fiddleback-bushfinger-rope

Normally, high-polished edges have trouble with my ¾” manilla rope, but the Bushfinger was so keen that it pushed through the rope with nary a shrug. The slice was so clean that the end of the cut rope even looked polished. Thin magazine paper was sliced with equal efficiency.

Photo courtesy of David C. Andersen

The blade was actually so sharp, that I nearly ruined the sheath. The sheath opening has to be large enough to accommodate the wide blade, and as such there is little feedback to let you know when you have pushed the knife down enough to be secure. One time, I pushed the knife in a little too far and the acute point scythed through the leather and popped a stitch. Yikes!

Photo courtesy of David C. Andersen

The thread is synthetic so I was able to melt the ends down to the holes and will put a drop of superglue in there as well. To keep it from happening again, I wet-formed the sheath around the knife to give it some positive feedback when putting the knife away. It was easy to do and I would highly recommend doing it. Just liberally wet the leather and press the sheath around the knife over the course of 10-15 minutes, re-wetting as necessary.

Ergonomics

The machined ridges in the micarta scales are deep enough to increase grip, but not so deep that they are uncomfortable. The handles index well in the hand, but the palm swell sits too far forward for my paws (I wear a size-large work glove) causing me to subconciously choke up on the blade more than is prudent for standard use. I actually wound up cutting myself on the back edge of the blade because of this.

Photo courtesy of David C. Andersen

I put the accident down mostly to carelessness, but the forward swell and lack of any real finger guard did contribute. Fortunately the cut was not too deep, and thanks to the super sharp edge the incision was clean and healed without scarring.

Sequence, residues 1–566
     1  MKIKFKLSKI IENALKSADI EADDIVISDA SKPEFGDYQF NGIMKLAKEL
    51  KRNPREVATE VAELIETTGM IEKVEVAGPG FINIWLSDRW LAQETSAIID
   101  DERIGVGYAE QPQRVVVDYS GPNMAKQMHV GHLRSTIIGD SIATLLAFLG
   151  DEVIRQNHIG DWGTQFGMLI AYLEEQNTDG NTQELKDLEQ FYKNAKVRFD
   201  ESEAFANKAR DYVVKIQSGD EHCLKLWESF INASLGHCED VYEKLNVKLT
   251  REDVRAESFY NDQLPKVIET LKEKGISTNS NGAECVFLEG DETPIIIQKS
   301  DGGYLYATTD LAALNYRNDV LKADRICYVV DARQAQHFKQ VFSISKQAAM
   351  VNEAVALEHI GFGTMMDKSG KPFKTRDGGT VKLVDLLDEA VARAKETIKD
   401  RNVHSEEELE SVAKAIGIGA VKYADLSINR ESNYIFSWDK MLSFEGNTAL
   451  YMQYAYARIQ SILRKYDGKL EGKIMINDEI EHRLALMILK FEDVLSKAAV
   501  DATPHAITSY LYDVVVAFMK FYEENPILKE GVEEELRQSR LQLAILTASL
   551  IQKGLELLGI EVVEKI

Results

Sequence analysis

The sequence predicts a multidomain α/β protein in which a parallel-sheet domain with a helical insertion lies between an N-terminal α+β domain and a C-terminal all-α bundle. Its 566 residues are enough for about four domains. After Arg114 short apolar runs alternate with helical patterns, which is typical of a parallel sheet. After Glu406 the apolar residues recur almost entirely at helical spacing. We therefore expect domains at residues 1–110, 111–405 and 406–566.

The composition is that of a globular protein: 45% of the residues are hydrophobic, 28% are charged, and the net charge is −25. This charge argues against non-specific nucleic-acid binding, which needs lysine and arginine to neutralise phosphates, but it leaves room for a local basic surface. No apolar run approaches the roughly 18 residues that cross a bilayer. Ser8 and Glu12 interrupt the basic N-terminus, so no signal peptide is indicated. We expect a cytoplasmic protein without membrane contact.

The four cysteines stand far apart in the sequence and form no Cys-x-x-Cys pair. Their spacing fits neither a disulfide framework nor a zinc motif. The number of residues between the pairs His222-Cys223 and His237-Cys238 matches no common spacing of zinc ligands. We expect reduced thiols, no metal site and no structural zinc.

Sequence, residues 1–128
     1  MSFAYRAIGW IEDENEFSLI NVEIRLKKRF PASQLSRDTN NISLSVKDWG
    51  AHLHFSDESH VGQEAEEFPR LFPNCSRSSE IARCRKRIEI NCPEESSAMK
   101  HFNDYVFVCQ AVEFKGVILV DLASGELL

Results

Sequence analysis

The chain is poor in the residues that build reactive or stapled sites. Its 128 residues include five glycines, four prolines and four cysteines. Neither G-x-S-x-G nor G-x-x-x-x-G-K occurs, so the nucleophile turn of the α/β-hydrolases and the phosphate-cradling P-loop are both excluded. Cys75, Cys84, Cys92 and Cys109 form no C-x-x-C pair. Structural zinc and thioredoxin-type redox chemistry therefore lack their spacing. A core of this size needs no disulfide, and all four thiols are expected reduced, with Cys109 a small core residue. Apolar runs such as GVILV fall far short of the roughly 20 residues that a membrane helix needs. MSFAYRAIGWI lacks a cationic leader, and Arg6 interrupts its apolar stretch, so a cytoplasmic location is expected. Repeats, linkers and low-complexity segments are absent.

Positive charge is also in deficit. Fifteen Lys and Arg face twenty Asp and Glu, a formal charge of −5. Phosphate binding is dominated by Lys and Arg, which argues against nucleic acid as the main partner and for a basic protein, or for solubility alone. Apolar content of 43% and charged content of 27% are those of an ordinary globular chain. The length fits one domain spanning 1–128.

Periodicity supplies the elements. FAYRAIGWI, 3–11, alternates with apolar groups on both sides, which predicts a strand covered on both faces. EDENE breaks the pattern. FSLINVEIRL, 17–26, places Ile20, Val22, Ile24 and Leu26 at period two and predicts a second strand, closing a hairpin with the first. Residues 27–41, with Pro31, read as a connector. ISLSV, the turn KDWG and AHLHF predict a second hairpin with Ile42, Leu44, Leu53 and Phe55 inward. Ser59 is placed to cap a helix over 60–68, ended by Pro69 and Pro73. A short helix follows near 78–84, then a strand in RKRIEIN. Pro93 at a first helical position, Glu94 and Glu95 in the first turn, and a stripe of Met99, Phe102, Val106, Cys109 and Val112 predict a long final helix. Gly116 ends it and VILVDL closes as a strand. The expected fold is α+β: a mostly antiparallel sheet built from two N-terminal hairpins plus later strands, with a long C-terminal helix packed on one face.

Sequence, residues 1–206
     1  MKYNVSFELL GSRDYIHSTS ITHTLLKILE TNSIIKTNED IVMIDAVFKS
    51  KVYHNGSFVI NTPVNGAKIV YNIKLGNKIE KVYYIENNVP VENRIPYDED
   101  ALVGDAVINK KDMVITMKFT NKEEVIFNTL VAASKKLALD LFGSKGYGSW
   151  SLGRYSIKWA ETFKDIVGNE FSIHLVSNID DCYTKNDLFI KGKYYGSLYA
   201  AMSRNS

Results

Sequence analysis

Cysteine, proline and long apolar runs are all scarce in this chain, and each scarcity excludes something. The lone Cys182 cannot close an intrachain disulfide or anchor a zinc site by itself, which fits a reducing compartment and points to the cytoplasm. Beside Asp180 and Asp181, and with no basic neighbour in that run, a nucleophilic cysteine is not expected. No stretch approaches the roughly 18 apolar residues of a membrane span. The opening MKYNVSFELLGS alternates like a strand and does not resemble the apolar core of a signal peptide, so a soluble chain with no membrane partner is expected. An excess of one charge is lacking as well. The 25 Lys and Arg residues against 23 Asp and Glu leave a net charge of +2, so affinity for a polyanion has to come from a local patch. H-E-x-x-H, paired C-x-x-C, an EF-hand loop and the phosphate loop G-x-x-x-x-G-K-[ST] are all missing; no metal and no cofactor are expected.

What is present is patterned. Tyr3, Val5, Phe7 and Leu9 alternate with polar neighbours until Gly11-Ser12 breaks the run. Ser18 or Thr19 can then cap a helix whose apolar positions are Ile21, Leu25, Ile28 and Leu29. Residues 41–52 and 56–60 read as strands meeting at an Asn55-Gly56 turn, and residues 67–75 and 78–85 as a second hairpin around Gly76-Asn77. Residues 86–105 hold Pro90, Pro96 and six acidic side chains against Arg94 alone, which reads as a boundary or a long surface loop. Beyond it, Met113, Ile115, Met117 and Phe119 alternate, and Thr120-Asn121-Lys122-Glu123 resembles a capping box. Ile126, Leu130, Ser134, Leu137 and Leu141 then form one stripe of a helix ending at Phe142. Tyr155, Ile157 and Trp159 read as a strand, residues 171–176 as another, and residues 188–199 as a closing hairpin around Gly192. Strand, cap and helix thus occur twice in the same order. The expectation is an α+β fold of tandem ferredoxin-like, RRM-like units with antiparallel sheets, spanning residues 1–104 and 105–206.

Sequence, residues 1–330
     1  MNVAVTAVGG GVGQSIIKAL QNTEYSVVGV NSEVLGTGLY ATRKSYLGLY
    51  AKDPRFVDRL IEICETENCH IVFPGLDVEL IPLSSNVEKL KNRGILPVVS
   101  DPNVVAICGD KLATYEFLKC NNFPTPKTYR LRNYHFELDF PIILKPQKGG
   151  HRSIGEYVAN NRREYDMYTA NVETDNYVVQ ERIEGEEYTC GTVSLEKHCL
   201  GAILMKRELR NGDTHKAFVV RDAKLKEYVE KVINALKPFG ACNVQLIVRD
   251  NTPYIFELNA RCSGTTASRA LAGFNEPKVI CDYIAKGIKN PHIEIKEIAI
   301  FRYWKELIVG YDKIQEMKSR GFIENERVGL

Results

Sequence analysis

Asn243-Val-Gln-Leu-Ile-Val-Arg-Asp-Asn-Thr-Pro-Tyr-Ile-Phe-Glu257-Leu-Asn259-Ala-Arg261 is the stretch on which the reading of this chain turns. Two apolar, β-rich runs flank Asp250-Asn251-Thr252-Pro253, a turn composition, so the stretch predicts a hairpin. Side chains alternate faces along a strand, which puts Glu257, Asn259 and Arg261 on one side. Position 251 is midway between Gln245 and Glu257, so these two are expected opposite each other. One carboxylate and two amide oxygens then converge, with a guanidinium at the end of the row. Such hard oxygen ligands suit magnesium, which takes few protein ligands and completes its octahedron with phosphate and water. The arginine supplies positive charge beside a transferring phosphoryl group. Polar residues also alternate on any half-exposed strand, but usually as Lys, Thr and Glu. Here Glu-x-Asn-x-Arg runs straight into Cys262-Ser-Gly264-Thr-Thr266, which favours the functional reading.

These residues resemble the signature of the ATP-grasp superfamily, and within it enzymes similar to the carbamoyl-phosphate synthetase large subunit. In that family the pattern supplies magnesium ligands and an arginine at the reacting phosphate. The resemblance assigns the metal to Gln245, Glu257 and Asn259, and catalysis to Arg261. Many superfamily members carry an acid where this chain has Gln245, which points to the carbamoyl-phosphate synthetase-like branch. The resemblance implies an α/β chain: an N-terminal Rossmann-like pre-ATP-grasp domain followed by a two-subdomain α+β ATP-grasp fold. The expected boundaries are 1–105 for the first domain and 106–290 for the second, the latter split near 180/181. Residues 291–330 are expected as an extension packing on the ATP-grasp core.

Once I changed my grip to compensate for the location of the swell, carving and cutting chores were plenty comfortable, with no real hot spots. Drilling comfort is subpar however, due to the sharp angle of the pommel. If I were keeping this knife I would round off that point.

Sheath carry on the belt is high for my taste, but there is enough space in the loop that pivoting the sheath is easy. Carried on my right hip, I was able to drive my car without the package causing discomfort.

Sharpening

The Bushfinger’s edge was so fantastic that I couldn’t bring myself to use the Sharpmaker on it. I love Spyderco’s system but it has a tendency to round off the very tip of the blade. Instead I used a loaded strop to keep the Fiddleback keen.

The S35VN steel was not as hard to sharpen as I feared. After toasting the edge cutting cardboard, it took me about 5 minutes with the strop to get a hair shaving edge back on the blade, not quite as good as the initial edge, but getting there.

TESTING

Woodworking

I performed all of these woodworking tasks with the edge as it came out of the box. There was nothing I could have done to improve upon the superlative work that the Fiddleback crew did to sharpen the knife. By the end of everything – carving, drilling, and batoning – the blade was still hair shaving sharp. Needless to say, I was impressed.

Tent Stakes

Carving with the Bushfinger is sublime. I had a set of six tent pegs whipped up in no time flat. Using a chest lever grip to carve the points, I was able to hog off huge chunks of wood at a time. The out-of-the-box edge is truly superb, and the handle did not cause any hot-spots.

fiddleback-bushfinger-stake-ends

When trimming the tops of the stakes, the knife was very efficient and I was able to make impressively clean and level ends.

Feathersticks

Having not needed (still) to resharpen the knife, I managed to make some decent feathersticks with the Bushfinger.

Photo courtesy of David C. Andersen

I had to be careful not to slice off my completed curls, the blade was still that sharp. I’m not the best at feathersticking, but the Bushfinger is more than up to the job.

Drilling/Tip Strength

I am not a fan of the Bushfinger for drilling tasks. The sharp end of the pommel is not condusive to applying any significant amount of pressure. To accomplish the task you have to maintain a normal/hammer grip, or flip the knife around – both of which are more dangerous holds should your hand slip or lose control of the knife.